While on a 2011 research trip to northwestern Saudi Arabia, College of the Humanities BA Religion student, Anik Laferriere, was exploring a remote part of the Ḥismā sand desert – home to the mystical and isolated temple of al-Ruwāfa, when she stumbled on something extraordinary.
Ruwāfa is a small, well preserved second-century structure that is a one-off in the vastness of the northwest desert of Arabia. Despite being in close proximity to water supplies (but little else), there is no evidence of any substantial human settlement at the site. Why this temple was built in such a seemingly impractical area has been a point of debate among researchers for a very long time. Astoundingly, the obscure location of this temple is only one contributing aspect of its greater exceptionality. What makes Ruwāfa even more remarkable are five Greek and Nabataean inscriptions that describe the structure as being constructed during the reign Marcus Aurelius and Lucius Verus, making the temple a famous attestation of Roman interaction in the Middle East.
While inspecting the site in 2011, Laferriere tripped over a castaway stone. As she collected her belongings, she instinctively took a fleeting look at the culprit of her impromptu sit-down on the desert’s sandy floor. In this glance, she noticed an unrecognizable Greek inscription on the stone at fault. She shouted to her trusted colleague, mentor and research travelling companion, Prof. Greg Fisher from Carleton’s College of Humanities and asked him to come have a look.
Laferriere and Fisher analyzed the stone, and were quick to acknowledge and note its unusual Roman markings. Little did they know, this inconvenient rock would be the key to unlocking a missing piece of an archeological puzzle that has been baffling al-Ruwāfa researchers for more than a half-century.
It was not until Fisher was editing a contribution for his new book from one of the world’s foremost epigraphy experts, Michael C.A. Macdonald, that he realized he and Laferriere may have very literally stumbled on a profound re-discovery.
In the draft of his contribution to Fisher’s book, Macdonald wrote about a lost inscribed stone that was last seen in 1956/’57 when celebrated British explorer St. John Philby had copied it. In Macdonald’s research, he included a note that Philby had drawn the stone, but that its current location was a mystery, and assumed by many to have been eternally misplaced.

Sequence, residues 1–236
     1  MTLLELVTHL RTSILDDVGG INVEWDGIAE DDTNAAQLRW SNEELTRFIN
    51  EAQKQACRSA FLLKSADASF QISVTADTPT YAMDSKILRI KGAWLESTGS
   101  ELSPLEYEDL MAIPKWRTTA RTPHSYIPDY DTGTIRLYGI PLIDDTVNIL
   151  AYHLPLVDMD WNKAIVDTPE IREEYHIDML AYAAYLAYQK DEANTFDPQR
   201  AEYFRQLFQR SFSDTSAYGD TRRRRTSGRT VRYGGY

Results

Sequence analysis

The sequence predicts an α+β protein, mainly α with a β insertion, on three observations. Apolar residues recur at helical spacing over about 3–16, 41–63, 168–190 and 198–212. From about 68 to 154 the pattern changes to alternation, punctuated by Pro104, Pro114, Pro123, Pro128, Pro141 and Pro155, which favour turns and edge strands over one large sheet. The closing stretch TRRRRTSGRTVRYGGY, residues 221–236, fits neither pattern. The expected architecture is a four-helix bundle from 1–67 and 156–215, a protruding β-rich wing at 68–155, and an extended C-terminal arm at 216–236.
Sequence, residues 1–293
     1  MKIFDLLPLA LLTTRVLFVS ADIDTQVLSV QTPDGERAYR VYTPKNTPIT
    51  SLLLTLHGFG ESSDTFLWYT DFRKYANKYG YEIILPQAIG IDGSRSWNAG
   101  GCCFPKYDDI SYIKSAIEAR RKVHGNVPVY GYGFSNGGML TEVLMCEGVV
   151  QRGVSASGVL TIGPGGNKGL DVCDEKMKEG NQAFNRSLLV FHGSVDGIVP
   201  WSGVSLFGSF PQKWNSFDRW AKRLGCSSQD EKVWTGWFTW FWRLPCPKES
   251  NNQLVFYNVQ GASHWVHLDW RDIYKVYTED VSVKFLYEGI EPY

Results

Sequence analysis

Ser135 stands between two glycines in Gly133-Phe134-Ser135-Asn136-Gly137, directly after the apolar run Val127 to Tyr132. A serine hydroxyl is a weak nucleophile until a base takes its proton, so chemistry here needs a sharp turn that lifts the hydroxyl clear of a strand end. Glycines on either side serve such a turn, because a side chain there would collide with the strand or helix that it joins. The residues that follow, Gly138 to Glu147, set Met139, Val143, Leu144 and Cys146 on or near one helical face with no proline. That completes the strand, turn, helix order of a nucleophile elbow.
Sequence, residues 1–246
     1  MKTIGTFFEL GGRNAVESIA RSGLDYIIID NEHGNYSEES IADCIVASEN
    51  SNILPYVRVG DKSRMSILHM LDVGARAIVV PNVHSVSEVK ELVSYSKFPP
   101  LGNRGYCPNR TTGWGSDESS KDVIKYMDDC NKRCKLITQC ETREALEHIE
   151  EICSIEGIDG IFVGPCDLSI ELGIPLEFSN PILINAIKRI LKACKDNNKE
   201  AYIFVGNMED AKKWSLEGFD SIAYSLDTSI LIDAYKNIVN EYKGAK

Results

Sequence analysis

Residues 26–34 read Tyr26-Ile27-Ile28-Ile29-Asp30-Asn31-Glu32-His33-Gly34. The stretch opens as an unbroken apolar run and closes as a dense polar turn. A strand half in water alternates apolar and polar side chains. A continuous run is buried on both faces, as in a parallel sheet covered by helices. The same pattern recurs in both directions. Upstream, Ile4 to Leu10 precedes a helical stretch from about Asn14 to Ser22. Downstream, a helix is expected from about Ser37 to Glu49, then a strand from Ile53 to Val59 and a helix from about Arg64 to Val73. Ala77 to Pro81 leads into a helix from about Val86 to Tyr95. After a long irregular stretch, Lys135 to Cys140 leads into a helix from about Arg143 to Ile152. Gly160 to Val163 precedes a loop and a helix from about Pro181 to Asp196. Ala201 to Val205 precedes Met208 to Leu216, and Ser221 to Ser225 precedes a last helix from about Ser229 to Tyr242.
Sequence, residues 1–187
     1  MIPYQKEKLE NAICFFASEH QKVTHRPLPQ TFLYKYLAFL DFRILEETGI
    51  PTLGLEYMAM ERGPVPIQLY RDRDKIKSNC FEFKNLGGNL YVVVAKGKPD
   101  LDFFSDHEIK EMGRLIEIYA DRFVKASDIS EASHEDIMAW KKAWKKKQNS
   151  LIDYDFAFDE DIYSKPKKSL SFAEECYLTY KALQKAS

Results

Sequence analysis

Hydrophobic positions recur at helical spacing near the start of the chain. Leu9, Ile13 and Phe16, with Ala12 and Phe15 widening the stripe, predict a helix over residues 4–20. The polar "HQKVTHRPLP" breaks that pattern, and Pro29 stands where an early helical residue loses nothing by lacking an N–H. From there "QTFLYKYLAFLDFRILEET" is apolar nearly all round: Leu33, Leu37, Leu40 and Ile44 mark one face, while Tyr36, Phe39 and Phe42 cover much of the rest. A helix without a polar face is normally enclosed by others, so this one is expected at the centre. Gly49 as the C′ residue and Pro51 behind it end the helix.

When Fisher read this, he immediately recalled that he had seen an inscribed stone at Ruwāfa that matched Macdonald’s description when his colleague had tripped over it.
“The discovery of the ‘lost stone’ was very exciting, as a completely new edition of the Ruwāfa inscriptions was prepared for my forthcoming edited book, Arabs and Empires Before Islam. Michael Macdonald had only the drawing made by Philby in 1957 before we realized that in my stash of photos, was something quite exciting,” said Fisher.
This meant that it was quite likely that Fisher and Laferriere were the first two people to realize the whereabouts of the stone in decades.
“The serendipity of the discovery seems incredible to me,” said Laferriere. “We were unaware at the time that it held any significance whatsoever, except as an example of Roman presence in the area. When we found out that this particular inscription had been missing for about 50 years, we could not believe our luck!”
Thanks to the meticulous assistance of Macdonald, they were able to confirm in 2014 that the impression they found was indeed Philby’s lost stone.
Referred as “Inscription III,” it is the third of five Greek and Nabataean Ruwāfa inscriptions that serve as attestation to Roman interest in Saudi Arabia. The set of inscriptions refer to the erection of the temple of al-Ruwāfa by a group of people called Thamud, the name of a nomadic tribe who had encountered the Assyrians in the latter parts of the eighth century BC, and to the Roman emperor Marcus Aurelius and co-emperor Lucius Verus.
The long-lost third engraving makes mention of Verus, who died in 169, meaning that the inscription was forged while he was still living, prior date to 169.
All inscriptions, save Inscription III, are currently displayed in the Riyadh museum. Needless to say, the found Inscription has initiated many new questions about the site, on the historical significance it holds, and how it will shape our present understanding of early Roman political and diplomatic interest in the Arabian Peninsula.
Fisher’s forthcoming book, which is slated for release with Oxford University Press in spring 2015, will address these questions, including a new reading of the group of inscriptions by Macdonald accompanied by new drawings of the temple. Arabs and Empires Before Islam will function as the most up-to-date version of this influential inscription and will offer readers a much more complete version of this important testament to Roman interest in Arabia than has ever been made available before.
Fisher hopes that this miraculous series of events will remind burgeoning researchers that unearthing the past is not always a particularly predictable venture.
“From the perspective of a teacher, the discovery shows students that while the material is most certainly ancient, new discoveries can and do happen all the time – and sometimes, quite by accident,” he said.